Can you pitch in $25 or $50 for each of the four organizations we're highlighting below? If a few thousand of us give together, it can make an enormous difference—and help repair some of the damage Madoff has done. Click here to contribute:

Your gift will be tax-deductible as if you had made the gift directly to the designated charities; we will forward 100% of your contribution to the organizations you select.

Many organizations have been hit by this crisis. We're highlighting the four that MoveOn has worked closely with over the last few years. Here's a bit about each of the groups:

The Brennan Center for Justice is a nonpartisan institute that focuses on fundamental issues of democracy and justice. Their work ranges from voting rights to redistricting reform to checking presidential power in the fight against terrorism. MoveOn has worked with the Brennan Center closely in the fight for fair elections. Chip in to help them out here.

Human Rights Watch is one of the world's leading independent organizations dedicated to defending and protecting human rights. By focusing international attention where human rights are violated, they give voice to the oppressed and hold oppressors accountable for their crimes. Its rigorous, objective investigations and strategic, targeted advocacy build intense pressure for action and raise the cost of human rights abuse. MoveOn has worked with Human Rights Watch on campaigns to preserve the constitution and protect human rights in America and abroad. Chip in to help them out here.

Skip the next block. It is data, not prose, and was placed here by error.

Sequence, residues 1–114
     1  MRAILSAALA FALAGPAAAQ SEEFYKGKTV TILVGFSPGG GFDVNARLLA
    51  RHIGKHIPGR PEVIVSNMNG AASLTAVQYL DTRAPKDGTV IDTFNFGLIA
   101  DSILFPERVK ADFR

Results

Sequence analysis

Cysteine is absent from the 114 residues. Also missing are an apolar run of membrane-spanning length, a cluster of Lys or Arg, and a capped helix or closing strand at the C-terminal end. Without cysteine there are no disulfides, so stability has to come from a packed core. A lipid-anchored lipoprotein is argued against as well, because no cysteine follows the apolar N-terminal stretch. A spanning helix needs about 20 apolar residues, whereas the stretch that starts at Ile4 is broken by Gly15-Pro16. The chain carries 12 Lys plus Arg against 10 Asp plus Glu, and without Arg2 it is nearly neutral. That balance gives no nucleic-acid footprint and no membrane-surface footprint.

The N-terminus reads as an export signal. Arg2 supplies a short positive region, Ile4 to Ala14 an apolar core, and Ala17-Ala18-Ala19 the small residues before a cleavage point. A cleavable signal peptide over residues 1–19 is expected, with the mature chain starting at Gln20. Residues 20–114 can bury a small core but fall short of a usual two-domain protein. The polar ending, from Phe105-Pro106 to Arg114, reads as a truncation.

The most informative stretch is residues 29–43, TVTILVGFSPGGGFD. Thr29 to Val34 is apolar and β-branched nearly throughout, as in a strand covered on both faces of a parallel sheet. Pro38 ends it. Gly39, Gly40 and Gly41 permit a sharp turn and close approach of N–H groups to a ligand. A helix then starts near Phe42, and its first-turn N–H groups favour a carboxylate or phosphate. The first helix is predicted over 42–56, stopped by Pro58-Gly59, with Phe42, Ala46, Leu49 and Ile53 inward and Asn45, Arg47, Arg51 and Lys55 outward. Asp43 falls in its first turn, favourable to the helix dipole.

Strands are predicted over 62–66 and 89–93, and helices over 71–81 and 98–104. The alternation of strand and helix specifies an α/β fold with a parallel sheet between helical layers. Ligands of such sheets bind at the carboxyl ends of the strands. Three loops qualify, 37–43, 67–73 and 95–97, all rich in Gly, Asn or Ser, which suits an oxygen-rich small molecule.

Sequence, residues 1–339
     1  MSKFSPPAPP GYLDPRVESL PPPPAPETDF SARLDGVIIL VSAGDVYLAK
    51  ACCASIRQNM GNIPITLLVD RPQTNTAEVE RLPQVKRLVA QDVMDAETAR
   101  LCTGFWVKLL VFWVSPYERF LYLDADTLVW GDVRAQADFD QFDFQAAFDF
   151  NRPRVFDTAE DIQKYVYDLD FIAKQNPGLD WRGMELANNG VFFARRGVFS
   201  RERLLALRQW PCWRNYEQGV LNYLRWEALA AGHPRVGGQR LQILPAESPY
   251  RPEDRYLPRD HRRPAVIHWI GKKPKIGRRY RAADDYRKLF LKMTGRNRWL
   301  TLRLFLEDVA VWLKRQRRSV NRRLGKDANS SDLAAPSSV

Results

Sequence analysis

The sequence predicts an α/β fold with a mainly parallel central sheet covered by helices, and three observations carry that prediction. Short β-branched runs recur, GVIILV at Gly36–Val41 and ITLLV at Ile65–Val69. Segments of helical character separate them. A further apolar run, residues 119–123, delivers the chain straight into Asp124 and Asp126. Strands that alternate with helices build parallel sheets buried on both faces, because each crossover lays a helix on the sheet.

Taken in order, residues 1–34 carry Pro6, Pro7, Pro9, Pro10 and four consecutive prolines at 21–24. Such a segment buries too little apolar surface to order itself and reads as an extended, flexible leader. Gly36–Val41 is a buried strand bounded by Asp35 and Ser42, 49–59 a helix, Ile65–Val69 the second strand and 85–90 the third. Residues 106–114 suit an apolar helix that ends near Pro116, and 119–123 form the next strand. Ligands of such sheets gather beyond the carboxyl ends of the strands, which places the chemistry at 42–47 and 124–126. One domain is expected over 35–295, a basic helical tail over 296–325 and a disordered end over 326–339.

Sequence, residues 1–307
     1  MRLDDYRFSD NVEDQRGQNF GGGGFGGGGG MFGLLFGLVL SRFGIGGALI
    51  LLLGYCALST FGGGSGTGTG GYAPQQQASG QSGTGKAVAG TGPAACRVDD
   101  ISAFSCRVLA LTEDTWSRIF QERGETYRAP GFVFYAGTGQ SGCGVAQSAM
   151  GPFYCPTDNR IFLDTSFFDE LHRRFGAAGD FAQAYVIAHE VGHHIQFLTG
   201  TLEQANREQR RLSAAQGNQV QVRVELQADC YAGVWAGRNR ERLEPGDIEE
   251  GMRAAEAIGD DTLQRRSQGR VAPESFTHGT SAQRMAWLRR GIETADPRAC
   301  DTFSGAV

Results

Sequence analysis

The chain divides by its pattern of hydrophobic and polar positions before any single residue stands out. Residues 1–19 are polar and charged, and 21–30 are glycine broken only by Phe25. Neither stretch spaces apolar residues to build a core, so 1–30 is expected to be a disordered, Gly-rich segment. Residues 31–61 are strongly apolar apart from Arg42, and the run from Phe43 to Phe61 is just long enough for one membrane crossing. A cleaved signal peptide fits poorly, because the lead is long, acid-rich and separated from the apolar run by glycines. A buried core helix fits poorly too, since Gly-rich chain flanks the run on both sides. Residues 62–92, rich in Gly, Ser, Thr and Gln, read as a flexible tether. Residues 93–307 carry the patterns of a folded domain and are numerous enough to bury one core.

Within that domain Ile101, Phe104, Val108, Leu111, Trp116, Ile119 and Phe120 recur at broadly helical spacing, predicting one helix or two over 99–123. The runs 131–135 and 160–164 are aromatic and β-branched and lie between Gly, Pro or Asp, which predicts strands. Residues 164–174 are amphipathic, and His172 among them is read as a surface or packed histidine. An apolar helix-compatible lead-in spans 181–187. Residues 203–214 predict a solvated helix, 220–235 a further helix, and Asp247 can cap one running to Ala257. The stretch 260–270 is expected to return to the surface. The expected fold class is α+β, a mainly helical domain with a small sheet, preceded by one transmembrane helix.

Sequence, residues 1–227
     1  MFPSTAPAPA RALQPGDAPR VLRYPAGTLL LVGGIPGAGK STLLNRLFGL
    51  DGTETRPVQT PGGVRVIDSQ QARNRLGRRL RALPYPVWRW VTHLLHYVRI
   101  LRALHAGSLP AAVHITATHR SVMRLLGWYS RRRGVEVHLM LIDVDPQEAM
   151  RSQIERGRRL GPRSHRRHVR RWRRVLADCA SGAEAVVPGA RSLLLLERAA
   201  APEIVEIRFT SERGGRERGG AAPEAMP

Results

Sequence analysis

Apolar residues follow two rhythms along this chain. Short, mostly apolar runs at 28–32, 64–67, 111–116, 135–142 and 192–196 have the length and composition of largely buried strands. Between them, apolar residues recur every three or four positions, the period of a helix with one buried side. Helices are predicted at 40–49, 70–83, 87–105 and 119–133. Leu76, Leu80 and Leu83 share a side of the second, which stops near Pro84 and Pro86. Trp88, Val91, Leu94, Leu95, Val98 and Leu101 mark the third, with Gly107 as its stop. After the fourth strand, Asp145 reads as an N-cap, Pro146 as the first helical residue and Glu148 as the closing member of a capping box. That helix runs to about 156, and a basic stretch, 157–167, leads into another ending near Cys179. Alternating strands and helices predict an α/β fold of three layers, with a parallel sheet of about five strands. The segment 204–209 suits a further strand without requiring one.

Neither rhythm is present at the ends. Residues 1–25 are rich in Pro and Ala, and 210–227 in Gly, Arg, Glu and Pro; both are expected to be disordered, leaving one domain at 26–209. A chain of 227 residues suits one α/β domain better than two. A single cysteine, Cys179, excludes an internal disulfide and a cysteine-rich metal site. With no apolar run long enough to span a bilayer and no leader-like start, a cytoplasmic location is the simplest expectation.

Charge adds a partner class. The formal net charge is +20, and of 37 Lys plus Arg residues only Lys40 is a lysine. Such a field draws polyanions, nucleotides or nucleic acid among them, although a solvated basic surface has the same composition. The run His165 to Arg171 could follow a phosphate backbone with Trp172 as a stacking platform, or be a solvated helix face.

Advancement Project is a policy, communications and legal action group committed to racial justice founded by a team of veteran civil rights lawyers in 1998. They have pursued critical litigation to protect voters and also support grassroots movements for universal opportunity and just democracy in the areas of education and immigrants' rights. MoveOn has worked with Advancement Project to stop vote suppression, especially among minority folks. Chip in to help them out here.